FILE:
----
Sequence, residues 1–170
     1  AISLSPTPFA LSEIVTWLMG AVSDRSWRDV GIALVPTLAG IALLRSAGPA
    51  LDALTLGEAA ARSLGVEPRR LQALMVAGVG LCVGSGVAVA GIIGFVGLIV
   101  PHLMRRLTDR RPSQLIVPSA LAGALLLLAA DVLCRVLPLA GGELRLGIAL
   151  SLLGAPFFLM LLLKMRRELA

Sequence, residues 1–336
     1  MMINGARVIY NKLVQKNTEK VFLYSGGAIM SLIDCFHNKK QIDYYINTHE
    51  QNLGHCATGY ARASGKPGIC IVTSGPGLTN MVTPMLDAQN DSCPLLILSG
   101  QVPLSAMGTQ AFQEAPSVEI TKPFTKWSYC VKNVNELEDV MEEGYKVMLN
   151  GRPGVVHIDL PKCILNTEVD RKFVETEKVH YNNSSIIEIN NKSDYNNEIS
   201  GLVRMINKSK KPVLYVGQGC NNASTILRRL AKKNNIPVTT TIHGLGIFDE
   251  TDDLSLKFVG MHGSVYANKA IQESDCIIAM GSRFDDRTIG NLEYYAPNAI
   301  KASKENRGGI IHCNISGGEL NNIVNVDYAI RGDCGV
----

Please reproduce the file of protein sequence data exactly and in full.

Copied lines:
Sequence, residues 1–170
     1  AISLSPTPFA LSEIVTWLMG AVSDRSWRDV GIALVPTLAG IALLRSAGPA
    51  LDALTLGEAA ARSLGVEPRR LQALMVAGVG LCVGSGVAVA GIIGFVGLIV
   101  PHLMRRLTDR RPSQLIVPSA LAGALLLLAA DVLCRVLPLA GGELRLGIAL
   151  SLLGAPFFLM LLLKMRRELA

Sequence, residues 1–336
     1  MMINGARVIY NKLVQKNTEK VFLYSGGAIM SLIDCFHNKK QIDYYINTHE
    51  QNLGHCATGY ARASGKPGIC IVTSGPGLTN MVTPMLDAQN DSCPLLILSG
   101  QVPLSAMGTQ AFQEAPSVEI TKPFTKWSYC VKNVNELEDV MEEGYKVMLN
   151  GRPGVVHIDL PKCILNTEVD RKFVETEKVH YNNSSIIEIN NKSDYNNEIS
   201  GLVRMINKSK KPVLYVGQGC NNASTILRRL AKKNNIPVTT TIHGLGIFDE
   251  TDDLSLKFVG MHGSVYANKA IQESDCIIAM GSRFDDRTIG NLEYYAPNAI
   301  KASKENRGGI IHCNISGGEL NNIVNVDYAI RGDCGV